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Copyright 2008 Koren ECE666/Koren Part.4a.31 Shifters 1st shifter - right (alignment) shifts only ; 2nd shifter - right or left (postnormalization) shifts ; both perform large shifts (# of significand digits) Combinatorial shifter - generate all possible shifted patterns - only one at output according to control bits Such shifters capable of circular shifts (rotates) - known as barrel shifters Shift registers require a large and variable number of clock cycles, thus combinatorial shifters commonly used If implemented as a single level array - each input bit is directly connected to m (or more) output lines - conceptually simple design For m=53 (number of significand bits in IEEE double- precision format) - large number of connections (and large electrical load) - bad solution

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Copyright 2008 Koren ECE666/Koren Part.4a.32 Two levels Barrel Shifters first level shifts bits by 0, 1, 2 or 3 bit positions second level shift bits by multiples of 4 (0,4,8,...,52) shifts between 0 and 53 can be performed Radix-4 shifter 16 bits 1st level - each bit has 4 destinations ; 2nd level - each bit has 14 destinations - unbalanced Radix-8 shifter - 1st level shifts 0 to 7 bit positions ; 2nd level shifts by multiples of 8 (0,8,16,24,...,48) 1st level - each bit has 8 destinations ; 2nd level - each bit has 7 destinations

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Copyright 2008 Koren ECE666/Koren Part.4a.33 Choice of Floating-Point Representation IEEE standard 754 commonly used - important to understand implications of a particular format Given n - total number of bits - determine m - length of significand field e - length of exponent field (m+e+1=n) - value of exponent base Representation error - error made when using a finite-length floating-point format to represent a high-precision real number x - a real number ; Fl(x) - its machine representation Goal when selecting format - small representation error Error can be measured in several ways

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Copyright 2008 Koren ECE666/Koren Part.4a.34 Measuring Representation Error Every real number x has two consecutive representations F 1 and F 2 satisfying F 1 x F 2 Fl(x) can be set to either F 1 or F 2 Fl(x)-x - absolute representation error (x)= ( Fl(x)-x ) /x - relative representation error If F 1 = M then F 2 =( M +ulp) Maximum absolute error = half distance between F 1 and F 2 = ulp - increases as exponent increases E E E

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Copyright 2008 Koren ECE666/Koren Part.4a.35 Measure of Representation Accuracy MRRE - maximum relative representation error - upper bound of (x) MRRE increases with exponent base - decreases with ulp (or number of significand bits m) Good measure if operands uniformly distributed In practice - larger significands less likely to occur First digit of a decimal floating-point operand will most likely be a 1; 2 is the second most likely Operands follow the density function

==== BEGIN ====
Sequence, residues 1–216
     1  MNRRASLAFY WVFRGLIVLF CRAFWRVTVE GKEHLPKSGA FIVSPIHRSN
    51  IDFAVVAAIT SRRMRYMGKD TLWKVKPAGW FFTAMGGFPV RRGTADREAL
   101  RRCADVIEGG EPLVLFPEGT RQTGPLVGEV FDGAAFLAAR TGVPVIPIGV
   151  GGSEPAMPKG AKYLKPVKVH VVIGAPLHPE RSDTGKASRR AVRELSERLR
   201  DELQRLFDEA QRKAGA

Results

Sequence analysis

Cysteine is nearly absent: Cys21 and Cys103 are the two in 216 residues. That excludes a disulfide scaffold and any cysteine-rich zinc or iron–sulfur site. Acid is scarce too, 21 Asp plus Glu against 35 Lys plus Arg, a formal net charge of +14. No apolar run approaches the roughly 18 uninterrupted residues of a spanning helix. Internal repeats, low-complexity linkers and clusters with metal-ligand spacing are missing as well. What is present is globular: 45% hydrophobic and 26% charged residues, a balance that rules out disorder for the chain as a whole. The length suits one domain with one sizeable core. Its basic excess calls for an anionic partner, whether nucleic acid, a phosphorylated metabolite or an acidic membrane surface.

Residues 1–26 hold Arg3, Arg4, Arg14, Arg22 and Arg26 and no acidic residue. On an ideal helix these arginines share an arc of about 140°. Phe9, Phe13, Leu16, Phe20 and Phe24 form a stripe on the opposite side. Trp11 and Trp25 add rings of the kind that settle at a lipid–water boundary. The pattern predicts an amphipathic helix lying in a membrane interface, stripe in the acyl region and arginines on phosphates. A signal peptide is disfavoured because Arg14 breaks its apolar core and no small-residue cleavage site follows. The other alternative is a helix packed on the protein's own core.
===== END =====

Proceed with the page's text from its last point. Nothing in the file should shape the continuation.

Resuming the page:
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Copyright 2008 Koren ECE666/Koren Part.4a.36 Different Accuracy Measure ARRE - average relative representation error Absolute error varies between 0 and 1/2 ulp Average absolute error is 1/4 ulp Relative error is 1/4 ulp /M E E

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Copyright 2008 Koren ECE666/Koren Part.4a.37 Range of Representation The range of the positive floating-point numbers - - must be considered when selecting a floating-point format For a large range - increase and/or number of exponent bits e Increasing increases representation error Increasing e decreases m and increases ulp - higher representation error Trade-off between range and representation error Emax

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Copyright 2008 Koren ECE666/Koren Part.4a.38 Range - Accuracy Trade-off If several floating-point representations have same range - select smallest MRRE or ARRE If several representations have same MRRE (or ARRE) - select the largest range Example: 32-bit word - m+e=31 - all three representations have about the same range Using MRRE as measure - =16 inferior to other two Using ARRE as measure - =4 is best =2 + hidden bit reduces MRRE and ARRE by a factor of 2 - the smallest representation error

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Copyright 2008 Koren ECE666/Koren Part.4a.39 Execution Time of Floating-Point Operations One more consideration when selecting a format Two time-consuming steps - aligning of significands before add/subtract operations ; postnormalization in any floating-point operation Observation - larger - higher probability of equal exponents in add/subtract operations - no alignment ; lower probability that a postnormalization step needed No postnormalization in 59.4% of cases for =2; 82.4% for =16 This is of limited practical significance when a barrel shifter is used